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### Topic: A few chem problems.  (Read 5207 times)

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#### usagi

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##### A few chem problems.
« on: January 20, 2009, 04:23:11 AM »
just a bit unclear on Q 33 part b). Why for Propane the number of peaks H(*) splits into is 7, but for propan-1-ol, the answers in my book say its 1? Shouldn't it be 6? since there are 5 H's as its neighbours and there are no 'shields' which block the adjacent atoms which have H's on them.

#### usagi

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##### Re: A few chem problems.
« Reply #1 on: January 20, 2009, 04:24:15 AM »
and also...

Atomic absorption spectroscopy and UV-visible spectroscopy both involve absorption of light. Both can be used to determine the amount of copper in a solution.
a) What species absorbs the light when copper nitrate is analysed by i) UV-visible spectroscopy ii) AAS?
b) Which technique would be simpliest for analysis of approximately 0.5M of copper nitrate solution? Explain.
c) How is the light of the required wavelength selected in i) UV-visible spectroscopy ii) ASS.

thanks

#### usagi

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##### Re: A few chem problems.
« Reply #2 on: January 20, 2009, 04:24:32 AM »
also Q 5... not quite sure about the table. If anyone could lend a hand that would really be helpful XD

thanks!

#### usagi

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##### Re: A few chem problems.
« Reply #3 on: January 20, 2009, 04:24:51 AM »
A sample of the energy drink High Caff was analysed for the concentration of caffeine it contained. Details on the pack indicated that it should contain 12 mg caffeine per 100 mL. A chemist decided to analyse a sample of the drink, without dilution, by HPLC. 100 mL of 10.0 $$mg mL^{-1}$$ stock standard solution of caffeine was prepared from pure caffeine tablets. The chemist decided to prepare standards of the following concentration: 5, 10, and 20 mg/100 mL caffeine. Available were 10 mL and 20 mL pipettes and 100 mL and 200 mL volumetric flasks.

a) Describe the dilutions the chemist would need to carry out in order to prepare the standard solutions using the equipments available.
b) The chemist could have used a 1 mL pipette and 100 mL volumetric flask to obtain a 10mg/100mL standard from the stock solution with only one dilution. Why is this a less accurate method?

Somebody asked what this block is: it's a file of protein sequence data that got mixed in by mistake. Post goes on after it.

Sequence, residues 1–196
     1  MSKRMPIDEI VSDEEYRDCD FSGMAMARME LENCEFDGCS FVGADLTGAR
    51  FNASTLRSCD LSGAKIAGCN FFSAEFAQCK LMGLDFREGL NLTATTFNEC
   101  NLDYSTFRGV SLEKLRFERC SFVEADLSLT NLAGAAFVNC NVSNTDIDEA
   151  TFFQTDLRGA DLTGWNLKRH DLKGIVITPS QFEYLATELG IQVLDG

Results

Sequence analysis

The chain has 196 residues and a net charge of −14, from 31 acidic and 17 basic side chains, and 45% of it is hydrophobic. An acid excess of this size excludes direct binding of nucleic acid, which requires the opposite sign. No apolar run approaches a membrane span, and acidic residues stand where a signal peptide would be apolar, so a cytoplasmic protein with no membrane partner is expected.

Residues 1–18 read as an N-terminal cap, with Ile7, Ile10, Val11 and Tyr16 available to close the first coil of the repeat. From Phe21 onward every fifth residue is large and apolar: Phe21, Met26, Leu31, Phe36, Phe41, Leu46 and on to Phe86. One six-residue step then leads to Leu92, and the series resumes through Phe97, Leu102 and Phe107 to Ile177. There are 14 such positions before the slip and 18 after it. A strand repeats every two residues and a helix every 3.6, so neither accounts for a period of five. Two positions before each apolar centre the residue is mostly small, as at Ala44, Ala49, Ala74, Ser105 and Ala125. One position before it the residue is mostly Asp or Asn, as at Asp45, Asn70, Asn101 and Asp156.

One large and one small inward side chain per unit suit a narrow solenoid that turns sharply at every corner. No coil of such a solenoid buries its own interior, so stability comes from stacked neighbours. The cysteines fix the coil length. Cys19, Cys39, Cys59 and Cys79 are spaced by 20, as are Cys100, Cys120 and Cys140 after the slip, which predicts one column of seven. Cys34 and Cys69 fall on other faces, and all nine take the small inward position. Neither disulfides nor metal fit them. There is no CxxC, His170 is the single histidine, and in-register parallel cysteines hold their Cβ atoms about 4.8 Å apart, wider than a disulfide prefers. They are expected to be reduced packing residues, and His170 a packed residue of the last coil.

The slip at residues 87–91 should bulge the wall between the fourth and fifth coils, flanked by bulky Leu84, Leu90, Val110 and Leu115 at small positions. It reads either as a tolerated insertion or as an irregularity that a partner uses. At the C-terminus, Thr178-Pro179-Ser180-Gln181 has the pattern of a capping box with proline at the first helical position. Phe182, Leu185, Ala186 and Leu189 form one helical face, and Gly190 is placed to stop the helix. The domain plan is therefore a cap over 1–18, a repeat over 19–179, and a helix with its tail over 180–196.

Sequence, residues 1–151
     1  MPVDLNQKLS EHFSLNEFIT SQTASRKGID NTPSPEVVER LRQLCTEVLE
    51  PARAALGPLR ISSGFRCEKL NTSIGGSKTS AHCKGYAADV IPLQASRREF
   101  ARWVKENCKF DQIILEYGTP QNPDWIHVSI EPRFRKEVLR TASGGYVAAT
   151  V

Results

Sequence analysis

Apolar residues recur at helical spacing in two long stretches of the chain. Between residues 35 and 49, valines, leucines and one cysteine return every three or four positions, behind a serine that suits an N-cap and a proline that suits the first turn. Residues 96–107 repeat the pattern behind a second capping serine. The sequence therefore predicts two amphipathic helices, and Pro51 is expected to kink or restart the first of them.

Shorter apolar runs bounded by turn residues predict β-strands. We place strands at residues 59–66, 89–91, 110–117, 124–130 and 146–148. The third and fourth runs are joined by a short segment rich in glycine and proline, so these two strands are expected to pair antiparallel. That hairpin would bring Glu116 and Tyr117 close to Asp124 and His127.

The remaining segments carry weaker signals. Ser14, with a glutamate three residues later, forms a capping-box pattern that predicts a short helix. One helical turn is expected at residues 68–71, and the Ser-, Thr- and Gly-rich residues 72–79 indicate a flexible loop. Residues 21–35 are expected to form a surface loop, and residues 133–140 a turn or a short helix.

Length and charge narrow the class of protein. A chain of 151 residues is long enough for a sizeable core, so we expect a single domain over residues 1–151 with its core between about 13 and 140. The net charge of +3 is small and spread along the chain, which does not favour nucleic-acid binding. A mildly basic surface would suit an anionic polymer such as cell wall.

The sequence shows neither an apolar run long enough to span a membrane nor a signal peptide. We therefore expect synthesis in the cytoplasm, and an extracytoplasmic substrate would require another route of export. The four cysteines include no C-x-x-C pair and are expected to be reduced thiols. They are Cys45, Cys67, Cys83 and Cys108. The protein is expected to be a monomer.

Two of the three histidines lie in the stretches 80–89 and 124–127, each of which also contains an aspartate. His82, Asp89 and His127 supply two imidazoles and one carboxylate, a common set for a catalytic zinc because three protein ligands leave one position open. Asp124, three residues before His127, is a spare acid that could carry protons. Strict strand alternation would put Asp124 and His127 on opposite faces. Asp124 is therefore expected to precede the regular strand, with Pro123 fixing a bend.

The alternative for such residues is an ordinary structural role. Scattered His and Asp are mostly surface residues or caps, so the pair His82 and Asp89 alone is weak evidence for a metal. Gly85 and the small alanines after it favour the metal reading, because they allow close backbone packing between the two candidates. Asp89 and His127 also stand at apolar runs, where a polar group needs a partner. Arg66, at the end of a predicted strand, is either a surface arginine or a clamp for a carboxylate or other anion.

#### usagi

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##### Re: A few chem problems.
« Reply #4 on: January 20, 2009, 04:32:58 AM »
Also

Write the ionic equation to

CH_3COOH (aq) + KOH (aq) --> CH_3OOK (aq) + H_2O (l)

How i work out ionic equation is break everything up into their ions and 'cancel' out the identical ions on the LHS and RHS of the equation.

so the equation becomes:
CH_3COO^- + H^+ + K^+ + OH^- --> CH_3COO^- + K^+ + H_2O

the CH_3COO^- and K^+ 'cancels' and we are left with H^+ (aq) + OH^- (aq) --> H_2O (l)

However my book's answers say its: CH_3COOH (aq) + OH^- (aq) --> CH_3COO^- (aq) + H_2O (l)
How do you get that? And why didn't the CH_3COO^- 'cancel' ?

Many thanks !

#### Borek

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##### Re: A few chem problems.
« Reply #5 on: January 20, 2009, 07:00:34 AM »
ChemBuddy chemical calculators - stoichiometry, pH, concentration, buffer preparation, titrations.info, pH-meter.info

#### usagi

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##### Re: A few chem problems.
« Reply #6 on: January 20, 2009, 07:05:51 AM »
Ah thanks Borek XD

#### sjb

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##### Re: A few chem problems.
« Reply #7 on: January 20, 2009, 01:04:39 PM »
just a bit unclear on Q 33 part b). Why for Propane the number of peaks H(*) splits into is 7, but for propan-1-ol, the answers in my book say its 1? Shouldn't it be 6? since there are 5 H's as its neighbours and there are no 'shields' which block the adjacent atoms which have H's on them.

I'm not sure why it says 1, to my mind it theoretically could be 12 (dependent on resolution), do you understand why the propane proton on C2 splits into 7?

S

#### usagi

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##### Re: A few chem problems.
« Reply #8 on: January 20, 2009, 10:24:29 PM »
yeah it splits into 7 because it has 6 neighboring Hydrogens, and using the n+1 rule, 6+1 = 7. Since the hydrogens aren't being shielded off by any oxygens or whatever.

#### sjb

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##### Re: A few chem problems.
« Reply #9 on: January 21, 2009, 04:52:10 AM »
yeah it splits into 7 because it has 6 neighboring Hydrogens, and using the n+1 rule, 6+1 = 7. Since the hydrogens aren't being shielded off by any oxygens or whatever.

6 neighbouring hydrogens in identical environments, and so it splits into 7, correct. Don't discount the possibility that the answer in the back of the book is wrong